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Summer Jams

Taste these delicious pure-fruit jams made in the East Bay.


Inna Jam’s Polka Rasberry // Photo by Jennifer Martine, food styling by Karen Shinto

Ask June Taylor how to make a great jam, and her recipe is simple: low sugar, no chemicals or additives, and always use the best fruit grown here.

Luckily, the East Bay is rich in locally made pure fruit jams. So if you're looking for something this month that positively screams summer, try the simple, sweet flavors of Taylor’s Rose Diamond nectarine conserve. Or Inna Jam’s intense Polka Raspberry. Or Blue Chair Fruit’s tart Greengage plum—so fresh and real, it comes with an expiration date, and a warning to watch out for pits.

That’s a risk we’ll gladly take.

Blue Chair Fruit, bluechairfruit.com; June Taylor, junetaylorjams.com; Inna Jam, innajam.com.

CLICK HERE for a few extra special ways to enjoy your jams, courtesy of Inna Jam.




Buttermilk Biscuits
Submitted by: Dafna Kory; adapted from epicurious.com


    1 1/2 cups                      all-purpose flour
    1 1/2 tablespoons          sugar
    1 1/2 teaspoons             baking powder
    Rounded 1/4 teaspoon  salt
    1/4 teaspoon                  baking soda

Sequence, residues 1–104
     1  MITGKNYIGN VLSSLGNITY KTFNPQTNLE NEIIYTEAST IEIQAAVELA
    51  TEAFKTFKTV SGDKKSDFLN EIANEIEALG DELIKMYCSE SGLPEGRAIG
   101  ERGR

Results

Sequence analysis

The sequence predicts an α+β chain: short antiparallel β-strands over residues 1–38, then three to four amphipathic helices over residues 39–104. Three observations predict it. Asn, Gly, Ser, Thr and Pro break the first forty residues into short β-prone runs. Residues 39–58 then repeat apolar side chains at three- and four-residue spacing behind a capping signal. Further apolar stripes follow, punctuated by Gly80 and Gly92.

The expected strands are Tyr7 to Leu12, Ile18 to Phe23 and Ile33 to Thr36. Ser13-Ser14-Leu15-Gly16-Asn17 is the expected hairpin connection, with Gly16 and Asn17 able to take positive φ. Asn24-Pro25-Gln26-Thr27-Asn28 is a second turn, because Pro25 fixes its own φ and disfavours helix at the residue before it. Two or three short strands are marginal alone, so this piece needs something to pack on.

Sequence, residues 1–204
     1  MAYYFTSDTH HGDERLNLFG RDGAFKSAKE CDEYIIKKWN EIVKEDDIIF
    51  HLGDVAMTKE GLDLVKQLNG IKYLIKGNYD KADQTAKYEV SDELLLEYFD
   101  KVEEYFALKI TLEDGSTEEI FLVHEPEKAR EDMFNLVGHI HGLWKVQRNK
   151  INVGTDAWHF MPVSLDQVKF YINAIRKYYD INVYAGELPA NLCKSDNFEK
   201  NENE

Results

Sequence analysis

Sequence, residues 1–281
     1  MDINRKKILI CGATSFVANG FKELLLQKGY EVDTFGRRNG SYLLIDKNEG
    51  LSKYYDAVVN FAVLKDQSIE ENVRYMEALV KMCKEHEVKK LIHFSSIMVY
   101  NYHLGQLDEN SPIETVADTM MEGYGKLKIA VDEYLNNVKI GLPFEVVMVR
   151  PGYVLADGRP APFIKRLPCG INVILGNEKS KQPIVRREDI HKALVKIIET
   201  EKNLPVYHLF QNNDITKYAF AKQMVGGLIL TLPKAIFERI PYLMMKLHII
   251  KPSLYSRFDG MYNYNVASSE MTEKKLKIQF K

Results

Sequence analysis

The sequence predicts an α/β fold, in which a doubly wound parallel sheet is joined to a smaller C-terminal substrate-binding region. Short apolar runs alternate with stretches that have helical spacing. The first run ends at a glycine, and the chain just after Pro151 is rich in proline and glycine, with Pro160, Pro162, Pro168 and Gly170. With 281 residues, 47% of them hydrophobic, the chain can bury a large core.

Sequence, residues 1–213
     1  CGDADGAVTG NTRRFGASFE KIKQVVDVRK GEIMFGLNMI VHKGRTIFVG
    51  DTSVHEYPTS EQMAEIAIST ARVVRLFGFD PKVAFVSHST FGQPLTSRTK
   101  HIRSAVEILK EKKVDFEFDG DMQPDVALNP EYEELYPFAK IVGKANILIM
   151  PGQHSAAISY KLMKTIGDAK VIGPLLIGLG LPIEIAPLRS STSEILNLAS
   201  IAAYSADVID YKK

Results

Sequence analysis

1/2 stick (1/4 cup)          cold unsalted butter, cut into 1/2-inch cubes
    3/4 cup                           well-shaken buttermilk
    1 tablespoon                  buttermilk for brushing biscuits


Preheat oven to 425°F.

Sift together flour, sugar, baking powder, salt, and baking soda into a bowl, then sift again into another bowl. i know what you’re thinking, “Two Bowls? how many dirty dishes does this recipe make?” but this is important for fluffy biscuits.

Blend in butter with your fingertips until mixture resembles coarse meal.

Add buttermilk and stir with a fork until a dough just forms (dough will be moist). DON’T OVERMIX IT.

Turn dough out onto a well-floured surface and knead gently 6 times. That’s it. 6 times. then stop. The dough should be cold and not overworked. If the butter melts while you’re working the dough you’ll get dense doorstops instead of fluffy biscuits.

Pat out dough into an rectanglish type shape. It doesn’t really matter. just flatten it down so it’s about 1/2 inch thick.

You could trim all 4 sides with a knife, if you want to. or not. Pro: you get those great edges that make the biscuits easy to break open. Con: you have to make 4 extra cuts, and then you have some extra dough left. If you go the side-trimming route, take the extra dough and make it into a ball and flatten it out, this will be one of your biscuits.

Either way, cut your rectanglish in half lengthwise, then into thirds crosswise to form 6 squarish type shapes.

Transfer biscuits to an ungreased baking sheet, and brush tops with buttermilk. if you want golden tops don’t brush on too much buttermilk.

Bake until pale golden, 12 to 15 minutes, then transfer to a rack to cool to room temperature. if you can wait that long.

Top with INNA jam.


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